Log in

26 August 2011 @ 01:29 pm
The Art of Easy Learning  
A little while ago, when I was learning a foreign language I said that I can’t translate. This was the conversation I had with someone. At that time, the thought of not being able to translate was inside my head, and when reading books it would certainly be very necessary to look up the words that I couldn’t understand. When reading, I surely had to look them up in the dictionary. Often most of the people feel comfortable when understanding the whole meaning to some extend, and won’t look up the meaning of the words they don’t understand. If  these words come up four or five times, then they feel like they can’t help but look them up anyway. But this is something really bad. When speaking about why, if they would have looked it up right the first time, then the 22nd, 23rd, 24th and 25th time would have become a revision, and they would have memorized this word in the end. When looking it up first on the 25th time, you have lost the chance for revision 24 times already. Therefore by looking up all the words I didn’t know, I managed to read the book in a little less than 3 weeks. During this time I wrote the words I didn’t know in my vocabulary book more than 1000 times, and in the end I memorized almost all of them.      [omission] Regarding the success of your studies, the hours you spent studying is by no means proportional to learning itself. At the time you start studying, learning the vocabulary turns out well, but  after that comes a kinda flat/steady period. Many people think “Aah, I’m no good. I’m not suited for learning foreign languages” or “I’m not a genius.” when this period comes, because they don’t feel like making any progress at all. When they give up on it in their hearts it feels like no matter how much they studied, there wasn’t much improvement. But it’s not like that. Because if you can get one step passed this flat/steady period that comes after a short time, you will become really good. If you remember how a jigsaw-puzzle is done, you can understand it by this image I think. Several pieces turn into little clusters, but don’t connect yet. But if you can bridge the gap even in one place only, a bigger cluster can be formed at once. Then it turns into a cluster, which also connects with other pieces and this way the whole thing can be put together. Like this, several words and expressions, which are scattered inside our memory suddenly come together, and depending whether they can connect or not, we are able to become better with one step. From there on out, we become better not with a progress over a short time, but with another step. Because this is repetition. (translated excerpt from: Péter Frankl ‘The Peter Way of Easy Learning’ – Iwanami Junior )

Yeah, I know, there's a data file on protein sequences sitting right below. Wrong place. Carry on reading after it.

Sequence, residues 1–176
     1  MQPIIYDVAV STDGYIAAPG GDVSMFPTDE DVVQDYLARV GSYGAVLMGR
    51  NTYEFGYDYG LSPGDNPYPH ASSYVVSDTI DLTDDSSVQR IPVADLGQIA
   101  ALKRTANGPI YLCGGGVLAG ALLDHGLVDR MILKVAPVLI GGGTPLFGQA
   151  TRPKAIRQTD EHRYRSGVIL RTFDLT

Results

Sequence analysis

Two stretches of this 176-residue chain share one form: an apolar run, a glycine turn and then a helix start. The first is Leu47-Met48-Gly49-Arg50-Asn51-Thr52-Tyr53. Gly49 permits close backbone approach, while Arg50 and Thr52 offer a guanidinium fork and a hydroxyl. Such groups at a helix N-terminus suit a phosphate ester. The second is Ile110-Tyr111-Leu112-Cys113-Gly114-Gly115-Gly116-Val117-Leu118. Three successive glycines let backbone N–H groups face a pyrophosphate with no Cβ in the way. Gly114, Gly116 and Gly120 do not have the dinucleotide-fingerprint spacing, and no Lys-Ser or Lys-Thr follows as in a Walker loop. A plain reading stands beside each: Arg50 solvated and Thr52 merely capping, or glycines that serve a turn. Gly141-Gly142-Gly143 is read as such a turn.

feeling: cynicalcynical
Create Your Realitycourt1429 on August 27th, 2011 04:57 am (UTC)
What a great post! And so timely for me because I am going to begin a Spanish class in a few weeks. Just once a week at a learning center, so not intensive at all. I love the visual connect to a jigsaw puzzle. Thank you! I mean, gracias! ;)
so watch as I start to smile...: gakky !!!gerbyl on August 27th, 2011 06:22 pm (UTC)
Como estas ?

hehe, that's about all the Spanisch I know....aside from Gracias!!
I used to be one of the people who thinks it is okay to not get the meaning of all the words, and with some minor or super special words that aren't used often, it's okay. I still don't look up every single word, but the essay is true about learning words much faster if you look them up everytime you come across them. So if it's an essential word to understand the story, I do and I memorized lots of words like that easily.

I hope you have fun in your spanish class and wish you lots of success with learning Spanish!!